This sequence is, essentially, hilarious, with the courtroom scene being broken up by a shot of Henry on the phone, grousing over his new dining room table while systemically ruining an old man’s life. The simplistic bombast of the film never really lets up after that. We are introduced to Henry’s wife Sarah, played by a very young and very beautiful Annette Bening, who also is characterized as vapid, obsessed with little more than status and wealth. We also see Henry’s law partners in the opening scenes, who cackle with glee in a plush office suite, and guzzle expensive champagne following Henry’s litigious triumph.

The hyperbole which pervades Abrams’ script is a clear signal of a fledgling professional writer. The characters are so bombastic prior to Henry’s injury because it allows a contrast to be more easily drawn regarding how they transform following Henry’s slow, painful recovery.

Even characters who are not involved with Henry’s life pre-gun shot are thinly-sketched. Bill Nunn – playing the role of Bradley, a therapist who works with Henry following his injury – attempts heroically to elevate his part. He gradually transforms throughout this tale into Henry’s saving grace, a motivating force of nature that feels more than a little unrealistic. Thankfully, Nunn brings his A-game to the role, and manages to prevent Bradley from simply becoming yet another variation of the “magical negro” stock character, who only exists to help the white man.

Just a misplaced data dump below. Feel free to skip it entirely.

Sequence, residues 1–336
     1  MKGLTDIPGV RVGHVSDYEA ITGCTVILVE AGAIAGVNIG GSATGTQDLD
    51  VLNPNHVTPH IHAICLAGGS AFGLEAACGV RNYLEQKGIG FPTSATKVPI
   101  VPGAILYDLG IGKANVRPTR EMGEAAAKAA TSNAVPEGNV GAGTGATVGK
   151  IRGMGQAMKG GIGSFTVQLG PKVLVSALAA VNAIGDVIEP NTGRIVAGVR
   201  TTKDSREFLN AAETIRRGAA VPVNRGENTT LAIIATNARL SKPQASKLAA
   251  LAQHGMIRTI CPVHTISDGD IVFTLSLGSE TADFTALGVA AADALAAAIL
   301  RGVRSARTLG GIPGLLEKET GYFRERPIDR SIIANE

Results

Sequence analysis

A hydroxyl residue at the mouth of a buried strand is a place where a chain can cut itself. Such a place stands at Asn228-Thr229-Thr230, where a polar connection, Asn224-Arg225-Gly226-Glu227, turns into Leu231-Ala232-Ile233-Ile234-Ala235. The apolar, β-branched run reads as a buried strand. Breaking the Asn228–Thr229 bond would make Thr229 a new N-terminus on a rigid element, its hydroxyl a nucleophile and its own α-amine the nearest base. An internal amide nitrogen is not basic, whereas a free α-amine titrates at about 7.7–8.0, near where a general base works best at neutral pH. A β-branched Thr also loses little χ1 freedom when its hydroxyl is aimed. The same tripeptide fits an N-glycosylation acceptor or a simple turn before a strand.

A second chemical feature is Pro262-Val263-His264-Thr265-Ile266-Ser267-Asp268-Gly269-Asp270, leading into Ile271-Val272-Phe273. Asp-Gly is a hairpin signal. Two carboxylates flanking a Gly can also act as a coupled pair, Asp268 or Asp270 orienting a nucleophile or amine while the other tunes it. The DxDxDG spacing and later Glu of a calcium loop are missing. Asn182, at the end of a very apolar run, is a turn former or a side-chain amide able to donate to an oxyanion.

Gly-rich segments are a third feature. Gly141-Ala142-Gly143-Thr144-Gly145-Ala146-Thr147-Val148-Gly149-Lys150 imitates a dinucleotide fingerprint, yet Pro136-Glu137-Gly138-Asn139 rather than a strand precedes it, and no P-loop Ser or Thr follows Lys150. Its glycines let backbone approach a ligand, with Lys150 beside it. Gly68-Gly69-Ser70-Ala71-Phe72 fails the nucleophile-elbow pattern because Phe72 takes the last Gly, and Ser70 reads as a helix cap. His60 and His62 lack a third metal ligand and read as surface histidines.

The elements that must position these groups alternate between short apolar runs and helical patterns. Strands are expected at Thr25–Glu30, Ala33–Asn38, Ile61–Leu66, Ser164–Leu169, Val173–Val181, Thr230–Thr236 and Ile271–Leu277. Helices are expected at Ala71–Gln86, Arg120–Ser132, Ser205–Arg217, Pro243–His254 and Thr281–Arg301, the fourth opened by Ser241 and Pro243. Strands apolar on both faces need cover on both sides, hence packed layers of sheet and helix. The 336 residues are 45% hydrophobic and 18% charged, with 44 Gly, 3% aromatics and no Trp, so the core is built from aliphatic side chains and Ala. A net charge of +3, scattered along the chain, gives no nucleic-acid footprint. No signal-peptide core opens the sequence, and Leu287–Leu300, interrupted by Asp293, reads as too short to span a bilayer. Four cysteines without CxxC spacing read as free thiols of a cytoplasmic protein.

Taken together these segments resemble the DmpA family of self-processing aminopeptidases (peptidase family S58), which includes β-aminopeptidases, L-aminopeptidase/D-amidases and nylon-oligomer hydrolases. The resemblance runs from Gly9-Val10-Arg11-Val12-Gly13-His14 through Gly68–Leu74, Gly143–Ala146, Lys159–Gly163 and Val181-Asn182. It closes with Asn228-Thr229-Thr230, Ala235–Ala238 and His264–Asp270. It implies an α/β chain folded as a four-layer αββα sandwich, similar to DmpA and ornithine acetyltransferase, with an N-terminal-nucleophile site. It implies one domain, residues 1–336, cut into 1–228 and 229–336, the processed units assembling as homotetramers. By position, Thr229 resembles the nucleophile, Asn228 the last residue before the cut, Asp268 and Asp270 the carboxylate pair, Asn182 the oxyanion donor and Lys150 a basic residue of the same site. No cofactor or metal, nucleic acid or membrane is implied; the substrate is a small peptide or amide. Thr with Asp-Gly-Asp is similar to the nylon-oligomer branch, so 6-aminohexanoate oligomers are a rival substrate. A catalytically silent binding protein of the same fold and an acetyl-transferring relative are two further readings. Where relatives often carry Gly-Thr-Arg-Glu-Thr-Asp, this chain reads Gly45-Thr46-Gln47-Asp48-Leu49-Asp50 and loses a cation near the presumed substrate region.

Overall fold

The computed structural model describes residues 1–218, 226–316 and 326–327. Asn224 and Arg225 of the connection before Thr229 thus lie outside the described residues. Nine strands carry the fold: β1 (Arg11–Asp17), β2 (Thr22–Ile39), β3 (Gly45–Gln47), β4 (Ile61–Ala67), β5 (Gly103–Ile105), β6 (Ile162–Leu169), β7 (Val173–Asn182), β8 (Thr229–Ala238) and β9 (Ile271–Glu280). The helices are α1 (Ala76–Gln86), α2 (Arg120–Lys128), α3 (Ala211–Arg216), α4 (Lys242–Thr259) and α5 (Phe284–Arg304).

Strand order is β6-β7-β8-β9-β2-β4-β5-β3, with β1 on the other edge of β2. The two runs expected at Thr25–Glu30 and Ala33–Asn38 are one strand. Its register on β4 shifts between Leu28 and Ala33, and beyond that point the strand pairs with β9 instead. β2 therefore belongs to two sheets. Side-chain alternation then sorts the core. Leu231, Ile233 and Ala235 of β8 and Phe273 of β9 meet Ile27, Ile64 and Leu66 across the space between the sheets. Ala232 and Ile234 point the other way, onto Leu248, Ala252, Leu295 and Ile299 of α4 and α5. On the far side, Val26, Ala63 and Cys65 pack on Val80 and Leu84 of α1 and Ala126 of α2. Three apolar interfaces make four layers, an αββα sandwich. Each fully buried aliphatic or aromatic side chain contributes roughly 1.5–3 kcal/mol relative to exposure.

Similarly, as the titular Henry, Ford offers a strong performance. There is something intensely moving about his initial scenes of recovery, particularly the scene where he is finally able to squeak for the first time after being shot. Perhaps these scenes are affecting due to Ford’s expressive face. Yet, it could be that there is something deeper behind them. Undoubtedly, watching Regarding Henry nearly 25 years after its release is an interesting experience, as Harrison Ford has certainly, by now, been cemented as one of the premiere action heroes of the big screen. Thus, because his presence carries immediate associations with all that is masculine and heroic, the role is more interesting than if it was played by another actor. You are drawn into the part, and shocked by how Ford is able to express vulnerability as easily as he punches Nazis in the face.